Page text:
“Sarah Aaronsohn, New Palestine’s Jean D’Arc,” The Chicago Sentinel, May 22, 1925
A newspaper article printed in The Chicago Sentinel in May 1925, eight years after Sarah Aaronsohn's tragic death. In this article, Dr. Benjamin Jablons writes that the purpose of his article is to enlighten assimilating Jewish youth about modern-day Jewish heroes. Jablons describes the establishment of NILI and the fate of its founders. He glorifies the martyrdom of both Sarah Aaronsohn and Avshalom Feinberg and refers to personal information received from Alexander Aaronsohn, Sarah’s younger brother.
This is an excerpt from the article describing Sarah’s leadership of NILI:
“As soon as Sarah Aaronsohn learned of the death of Absalem Feinberg, she immediately stepped into the breach which was left and assumed entire control. She became an invaluable addition to the group. She introduced the system of carrier pigeons. She inspired every one of the group to renewed efforts and made them realize that if their efforts were successful they would have a greater claim for a Jewish homeland. The Balfour Declaration spurred her on to increased efforts and the result was that the Germans and Turks found themselves check-mated at every turn. They became suspicious, but so excellent was the organization that it was impossible for them to obtain a single clue…”
The Chicago Sentinel was a weekly Jewish newspaper that was active from 1911 to 1996. At the time, most Jewish newspapers were written in Yiddish, but this English-language newspaper appealed to many immigrants who were beginning to integrate into society yet still wished to maintain a traditional Jewish lifestyle.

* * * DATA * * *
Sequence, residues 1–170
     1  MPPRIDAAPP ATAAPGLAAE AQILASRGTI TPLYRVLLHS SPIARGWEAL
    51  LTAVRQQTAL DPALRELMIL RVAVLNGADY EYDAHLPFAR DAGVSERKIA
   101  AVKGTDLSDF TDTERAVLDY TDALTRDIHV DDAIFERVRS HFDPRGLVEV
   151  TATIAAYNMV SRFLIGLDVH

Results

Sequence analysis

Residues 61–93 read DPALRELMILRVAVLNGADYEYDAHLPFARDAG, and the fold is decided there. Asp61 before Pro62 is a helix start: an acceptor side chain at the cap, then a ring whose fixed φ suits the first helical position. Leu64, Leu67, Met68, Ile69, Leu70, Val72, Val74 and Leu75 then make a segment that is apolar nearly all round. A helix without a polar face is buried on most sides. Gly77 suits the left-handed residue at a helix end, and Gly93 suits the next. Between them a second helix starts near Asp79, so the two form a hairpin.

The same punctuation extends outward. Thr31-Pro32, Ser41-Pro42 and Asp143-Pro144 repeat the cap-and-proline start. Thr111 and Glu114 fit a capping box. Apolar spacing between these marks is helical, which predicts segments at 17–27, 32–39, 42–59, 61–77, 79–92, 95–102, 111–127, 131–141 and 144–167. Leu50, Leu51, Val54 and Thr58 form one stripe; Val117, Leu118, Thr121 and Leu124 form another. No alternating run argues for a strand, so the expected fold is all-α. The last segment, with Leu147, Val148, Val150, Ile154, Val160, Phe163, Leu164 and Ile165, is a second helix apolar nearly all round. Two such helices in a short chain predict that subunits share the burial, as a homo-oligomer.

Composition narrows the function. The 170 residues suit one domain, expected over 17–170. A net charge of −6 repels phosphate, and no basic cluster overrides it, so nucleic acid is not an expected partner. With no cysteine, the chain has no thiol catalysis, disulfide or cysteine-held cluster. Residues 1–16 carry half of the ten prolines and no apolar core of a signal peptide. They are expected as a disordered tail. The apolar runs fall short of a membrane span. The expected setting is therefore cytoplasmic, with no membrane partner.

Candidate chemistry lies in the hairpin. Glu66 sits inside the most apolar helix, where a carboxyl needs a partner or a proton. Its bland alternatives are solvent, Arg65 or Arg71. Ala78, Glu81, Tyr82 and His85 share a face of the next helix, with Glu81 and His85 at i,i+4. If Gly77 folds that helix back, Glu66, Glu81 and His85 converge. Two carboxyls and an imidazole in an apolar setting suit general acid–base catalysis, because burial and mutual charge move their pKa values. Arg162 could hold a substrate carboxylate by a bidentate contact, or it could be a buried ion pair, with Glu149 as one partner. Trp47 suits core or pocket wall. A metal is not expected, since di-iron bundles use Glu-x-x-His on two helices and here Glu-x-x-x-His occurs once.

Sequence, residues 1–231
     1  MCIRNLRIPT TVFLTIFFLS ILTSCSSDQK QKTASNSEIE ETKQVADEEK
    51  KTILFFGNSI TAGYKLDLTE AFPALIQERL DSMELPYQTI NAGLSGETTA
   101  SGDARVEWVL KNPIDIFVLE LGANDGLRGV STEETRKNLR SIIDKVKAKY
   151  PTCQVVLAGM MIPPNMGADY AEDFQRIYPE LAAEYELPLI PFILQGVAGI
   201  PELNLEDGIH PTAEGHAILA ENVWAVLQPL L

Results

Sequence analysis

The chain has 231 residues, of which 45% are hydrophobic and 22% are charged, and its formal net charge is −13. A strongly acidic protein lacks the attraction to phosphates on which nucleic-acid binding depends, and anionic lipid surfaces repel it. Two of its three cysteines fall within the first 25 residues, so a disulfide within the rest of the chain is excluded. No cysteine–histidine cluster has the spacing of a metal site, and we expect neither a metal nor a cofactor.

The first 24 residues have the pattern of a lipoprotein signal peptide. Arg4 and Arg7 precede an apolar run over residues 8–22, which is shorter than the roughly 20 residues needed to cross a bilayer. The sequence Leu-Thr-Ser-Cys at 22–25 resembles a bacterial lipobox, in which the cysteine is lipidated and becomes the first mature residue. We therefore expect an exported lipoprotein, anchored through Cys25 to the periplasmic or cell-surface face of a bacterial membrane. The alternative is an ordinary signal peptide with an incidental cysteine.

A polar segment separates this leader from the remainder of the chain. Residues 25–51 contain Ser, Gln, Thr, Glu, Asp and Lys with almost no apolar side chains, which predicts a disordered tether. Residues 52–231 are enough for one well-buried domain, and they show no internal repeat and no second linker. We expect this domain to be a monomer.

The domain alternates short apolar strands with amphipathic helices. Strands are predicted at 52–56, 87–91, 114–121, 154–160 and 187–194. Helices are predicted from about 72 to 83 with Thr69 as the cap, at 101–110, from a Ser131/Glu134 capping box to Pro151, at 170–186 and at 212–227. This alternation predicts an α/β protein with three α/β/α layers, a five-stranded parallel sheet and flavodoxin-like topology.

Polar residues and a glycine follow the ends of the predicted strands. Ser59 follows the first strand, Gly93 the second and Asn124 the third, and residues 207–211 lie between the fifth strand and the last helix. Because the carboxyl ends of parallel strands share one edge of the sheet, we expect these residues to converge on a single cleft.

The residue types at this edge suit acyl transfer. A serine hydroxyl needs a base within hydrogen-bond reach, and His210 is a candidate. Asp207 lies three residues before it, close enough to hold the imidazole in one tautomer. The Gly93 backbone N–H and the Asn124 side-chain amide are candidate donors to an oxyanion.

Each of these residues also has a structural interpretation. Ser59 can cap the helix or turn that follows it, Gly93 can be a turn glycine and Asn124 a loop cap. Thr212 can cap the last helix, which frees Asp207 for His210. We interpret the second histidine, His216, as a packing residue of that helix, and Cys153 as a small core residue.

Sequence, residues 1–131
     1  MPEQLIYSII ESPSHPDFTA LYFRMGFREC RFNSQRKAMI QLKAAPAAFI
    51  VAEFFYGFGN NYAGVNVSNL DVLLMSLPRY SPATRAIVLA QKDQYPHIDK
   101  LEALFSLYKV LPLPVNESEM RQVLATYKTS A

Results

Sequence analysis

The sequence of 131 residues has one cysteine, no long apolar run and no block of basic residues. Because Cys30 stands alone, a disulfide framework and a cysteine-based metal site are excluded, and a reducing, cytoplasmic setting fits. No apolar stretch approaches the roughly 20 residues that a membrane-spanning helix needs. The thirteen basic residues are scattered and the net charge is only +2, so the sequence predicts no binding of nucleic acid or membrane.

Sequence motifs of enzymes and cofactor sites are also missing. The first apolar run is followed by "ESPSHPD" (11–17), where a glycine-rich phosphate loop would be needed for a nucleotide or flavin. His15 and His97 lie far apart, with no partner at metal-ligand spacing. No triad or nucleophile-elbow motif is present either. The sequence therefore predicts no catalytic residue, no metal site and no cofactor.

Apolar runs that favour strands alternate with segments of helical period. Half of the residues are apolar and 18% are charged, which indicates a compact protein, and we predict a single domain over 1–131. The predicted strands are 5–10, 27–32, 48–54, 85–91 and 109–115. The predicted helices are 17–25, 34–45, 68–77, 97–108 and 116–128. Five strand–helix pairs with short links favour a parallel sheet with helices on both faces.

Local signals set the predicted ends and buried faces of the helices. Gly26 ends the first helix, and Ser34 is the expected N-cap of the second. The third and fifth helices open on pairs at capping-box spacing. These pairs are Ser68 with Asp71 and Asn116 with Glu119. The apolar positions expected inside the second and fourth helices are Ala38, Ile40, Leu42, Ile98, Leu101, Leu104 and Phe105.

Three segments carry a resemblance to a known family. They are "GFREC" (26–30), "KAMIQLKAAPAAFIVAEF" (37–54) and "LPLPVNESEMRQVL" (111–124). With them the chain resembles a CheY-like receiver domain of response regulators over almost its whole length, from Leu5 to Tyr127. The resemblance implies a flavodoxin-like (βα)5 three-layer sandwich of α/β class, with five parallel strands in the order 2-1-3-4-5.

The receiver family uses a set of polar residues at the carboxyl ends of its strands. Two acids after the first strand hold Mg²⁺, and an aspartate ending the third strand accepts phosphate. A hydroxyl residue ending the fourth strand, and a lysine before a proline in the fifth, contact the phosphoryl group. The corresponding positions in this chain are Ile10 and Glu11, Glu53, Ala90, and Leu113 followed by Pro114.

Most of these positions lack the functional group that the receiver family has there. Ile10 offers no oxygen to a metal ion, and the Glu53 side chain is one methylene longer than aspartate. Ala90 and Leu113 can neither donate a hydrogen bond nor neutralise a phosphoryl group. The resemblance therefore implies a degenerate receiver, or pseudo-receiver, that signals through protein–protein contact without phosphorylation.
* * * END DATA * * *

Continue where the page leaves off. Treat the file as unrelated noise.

Click here for more information about the newspaper.
This newspaper article could be used by teachers of Jewish Studies or Jewish History when learning about Sarah Aaronsohn and NILI in particular but also when discussing heroism in general. Using Jablons’ glorification of the martyrdom of the leaders of NILI, an interesting discussion could be held on the topic of role models and martyrdom today.
This article could also be used in English lessons to discuss the conventions of newspaper articles.
Teachers of Jewish History could use this resource as part of a unit on the pioneers at the beginning of the twentieth century.
What is this article about? Summarise the main ideas in your own words.
What is the author’s view of Sarah Aaronsohn?
Who was Joan of Arc?
Why does the author compare Sarah Aaronsohn to Joan of Arc?
What insights does this article give into the history of the Yishuv (the Jewish community in Israel in the years before the establishment of the State of Israel?
What insights does this article give into the Jewish community of Chicago?
Compare the description of Avshalom Feinberg's death in this article to the description in Sarah Aaronsohn’s letter to her siblings.
Why do you think the author puts such an emphasis on Sarah Aaronsohn’s torture, describing all the gory details?
Read the first and last paragraphs of the article. What is the author’s purpose in telling Sarah Aaronsohn’s story?
What was the author’s source of information when writing this piece?
Do you think this story was well-known in the Jewish world? Explain your answer using quotes from the newspaper.